I have a confession to make: I am a writer. I have a hard time reading a book just for the story. Often I’m peeking behind the curtain, sussing out the tools the writer uses to make that story — point of view, verb tense, the objective correlative — see what I mean?
Bonnie Garmus’ debut novel, Lessons in Chemistry, still on The New York Times’ bestseller list more than a year after publication, came into my life after a very long spell of my own not-writing, so I had the pleasure of reading the story for the story. I did not get hung up on tools or structure. And I had fun.
Garmus had me on page 1: It is 1961 and a mother is packing her daughter’s lunch, albeit in a laboratory and with the certainty that “her life was over.”
The premise is believable. What mother hasn’t had a bad day? And despite that, she’s the one packing the lunch, getting the day started. Just, what was that part about in a lab? I’ve packed lunches in some unusual places, but never in a lab. And it’s 1961. How many women were there in labs? And her life is over?
I wanted to know what would happen to Elizabeth Zott. Spoiler alert: I am giving away the ending.
Zott is the host of an afternoon cooking show, Dinner at Six, that is famously famous. Even the American president has seen and glowed about it.
But before she became a television host, Zott was a graduate student in chemistry at UCLA. More intrigue. Not a lot of women were studying chemistry at that level in the 1950s — but this is the University of California, the geographication of liberal for American readers.
However, in Zott’s case, no degree ever follows. She is 10 days shy of graduation when her faculty mentor finds her in the lab late at night checking test protocols, which is to say, putting in the extra effort she knows she must make to stay on his otherwise-all-male research team. Again, things are tracking.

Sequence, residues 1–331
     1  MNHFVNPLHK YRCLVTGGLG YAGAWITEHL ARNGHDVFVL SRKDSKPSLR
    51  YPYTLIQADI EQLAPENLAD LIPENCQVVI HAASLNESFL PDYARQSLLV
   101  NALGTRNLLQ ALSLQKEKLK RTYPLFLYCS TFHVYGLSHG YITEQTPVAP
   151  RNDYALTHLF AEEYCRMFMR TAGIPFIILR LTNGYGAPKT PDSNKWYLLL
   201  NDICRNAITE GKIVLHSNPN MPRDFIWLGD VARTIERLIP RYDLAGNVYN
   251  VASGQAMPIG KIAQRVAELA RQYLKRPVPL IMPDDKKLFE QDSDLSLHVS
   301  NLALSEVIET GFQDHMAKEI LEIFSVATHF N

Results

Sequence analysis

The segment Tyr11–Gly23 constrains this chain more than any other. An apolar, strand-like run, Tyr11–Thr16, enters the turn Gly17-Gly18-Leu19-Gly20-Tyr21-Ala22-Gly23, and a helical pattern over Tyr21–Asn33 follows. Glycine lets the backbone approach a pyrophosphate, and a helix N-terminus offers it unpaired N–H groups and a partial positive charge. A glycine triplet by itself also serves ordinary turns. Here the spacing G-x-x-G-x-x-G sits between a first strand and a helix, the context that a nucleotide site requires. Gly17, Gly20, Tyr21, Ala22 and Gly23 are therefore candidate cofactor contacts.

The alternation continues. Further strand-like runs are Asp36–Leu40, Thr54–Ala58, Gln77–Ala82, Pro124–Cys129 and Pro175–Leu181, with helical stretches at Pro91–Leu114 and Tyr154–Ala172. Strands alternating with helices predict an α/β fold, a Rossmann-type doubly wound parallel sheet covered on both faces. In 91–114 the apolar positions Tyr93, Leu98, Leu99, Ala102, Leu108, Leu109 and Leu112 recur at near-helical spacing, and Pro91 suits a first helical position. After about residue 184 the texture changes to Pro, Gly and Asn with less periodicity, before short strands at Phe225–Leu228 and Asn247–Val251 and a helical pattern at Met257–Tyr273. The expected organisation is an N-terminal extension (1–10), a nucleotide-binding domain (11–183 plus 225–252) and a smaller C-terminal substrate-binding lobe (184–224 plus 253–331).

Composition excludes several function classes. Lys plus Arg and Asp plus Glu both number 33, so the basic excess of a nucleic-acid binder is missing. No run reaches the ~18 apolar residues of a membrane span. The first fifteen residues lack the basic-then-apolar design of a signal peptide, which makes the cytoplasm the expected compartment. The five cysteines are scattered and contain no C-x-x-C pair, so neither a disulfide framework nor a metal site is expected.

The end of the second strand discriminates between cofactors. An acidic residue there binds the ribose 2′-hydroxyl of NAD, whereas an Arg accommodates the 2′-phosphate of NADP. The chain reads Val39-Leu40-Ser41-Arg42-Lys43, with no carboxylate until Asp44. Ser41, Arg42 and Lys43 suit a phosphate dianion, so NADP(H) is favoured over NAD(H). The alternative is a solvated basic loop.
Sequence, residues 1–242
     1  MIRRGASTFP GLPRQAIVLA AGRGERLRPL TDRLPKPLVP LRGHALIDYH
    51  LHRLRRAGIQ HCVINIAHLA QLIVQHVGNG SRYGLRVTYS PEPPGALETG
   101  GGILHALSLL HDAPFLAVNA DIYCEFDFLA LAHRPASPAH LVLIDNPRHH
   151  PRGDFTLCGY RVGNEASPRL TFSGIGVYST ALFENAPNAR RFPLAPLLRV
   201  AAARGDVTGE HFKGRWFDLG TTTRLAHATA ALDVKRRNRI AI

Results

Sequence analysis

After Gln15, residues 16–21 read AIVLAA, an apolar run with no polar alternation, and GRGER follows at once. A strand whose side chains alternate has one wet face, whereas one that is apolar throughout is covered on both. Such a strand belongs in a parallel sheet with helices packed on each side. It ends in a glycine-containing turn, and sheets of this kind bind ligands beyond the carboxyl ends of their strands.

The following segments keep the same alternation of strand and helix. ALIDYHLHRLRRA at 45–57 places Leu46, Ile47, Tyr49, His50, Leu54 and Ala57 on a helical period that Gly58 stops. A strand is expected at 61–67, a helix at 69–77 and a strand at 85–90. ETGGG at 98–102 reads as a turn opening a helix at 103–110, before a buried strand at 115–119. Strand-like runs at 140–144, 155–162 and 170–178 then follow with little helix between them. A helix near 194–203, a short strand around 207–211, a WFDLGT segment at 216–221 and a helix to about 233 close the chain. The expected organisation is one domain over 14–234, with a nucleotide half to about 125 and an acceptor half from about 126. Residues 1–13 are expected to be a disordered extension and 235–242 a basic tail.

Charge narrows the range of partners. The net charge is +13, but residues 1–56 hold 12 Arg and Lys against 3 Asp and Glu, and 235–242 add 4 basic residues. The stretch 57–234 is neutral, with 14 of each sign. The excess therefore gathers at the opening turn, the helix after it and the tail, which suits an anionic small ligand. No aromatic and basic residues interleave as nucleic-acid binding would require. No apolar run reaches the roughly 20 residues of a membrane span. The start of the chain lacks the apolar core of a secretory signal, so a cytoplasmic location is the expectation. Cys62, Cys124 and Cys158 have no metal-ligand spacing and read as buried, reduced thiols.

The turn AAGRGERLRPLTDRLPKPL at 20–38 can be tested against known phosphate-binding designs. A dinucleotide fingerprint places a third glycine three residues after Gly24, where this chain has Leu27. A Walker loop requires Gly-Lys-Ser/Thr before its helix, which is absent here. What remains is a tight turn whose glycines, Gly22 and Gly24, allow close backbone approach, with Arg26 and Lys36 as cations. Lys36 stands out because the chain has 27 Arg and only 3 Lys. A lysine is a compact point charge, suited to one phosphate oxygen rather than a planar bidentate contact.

When Zott tells her mentor of an error she believes she has found, he is irritated and determines to cover it up. He starts by putting his student back in her place, which means he tries to rape her. She escapes by stabbing him with a pencil. While he is rushed to the hospital, campus police pressure Elizabeth over and over . . . and over to make a statement of regret. She finally does: She regrets not having more pencils.
Clever, and all too real.
From there, Elizabeth finds a position in a lab. Male colleagues mistreat her. Only one does not.
The tragedy in Lessons in Chemistry never overpowers the story. Garmus is a genius at buoying inequality and trauma with humor, resilience and the stark reality of a character who has nowhere else to go but through. Even Zott’s dog is a full-fledged character with emotion, motivation and internal dialogue that is just, well, so very much dog. The writing is brilliant.
I eagerly bought into the fictional dream until the very end: Elizabeth is saved by a wealthy female benefactor.
Can women save women? You bet. Were there wealthy female benefactors in the early 1960s? Absolutely. Did I want Elizabeth to prevail in her field of choice due to her intelligence and ability? One hundred and ten percent.
Because women don’t actually need saving. Elizabeth is no damsel in distress. She is a woman emasculated — pun intended — by a system seeped in misogyny. When women outsmart the system . . . and change it? That’s the ending I want.
I do not want one opportunity to open up for one woman at one point in time. I want change. I want laws to change. I want men and women to change. I want society to change.
Perhaps, however, that revolution of change begins with one woman helping another woman. Perhaps it takes a deus ex machina kind of shift because that shift is so incongruent to society.
Today, women are succeeding in a far wider variety of careers than in the 1960s. We have come a long way. Yet, some obstacles to success are still stubbornly entrenched. There is no federally protected maternity leave, no expansive, affordable system of childcare, and women still do not make as much as men. We still have a way to go.
Lessons in Chemistry is well worth the read not only for the insight and inspiration but also for Garmus' sharp wit and excellent writing. It is a story that stays with the reader, encourages her to think. It encouraged me to look at what I can do, how I can support people on the margins in a meaningful way. As someone who works with low-income, first-generation students and students with disabilities, this goal suffuses my work. Garmus’ novel helps me rethink how I approach this support, how I approach meaningful change. The reader, writer and ally in me are grateful for that power in a story.
Stacy Nyikos is the director of Student Support Services at Cal Poly San Luis Obispo and the author of many award-winning books for children. Discover more of her work at stacyanyikos.com.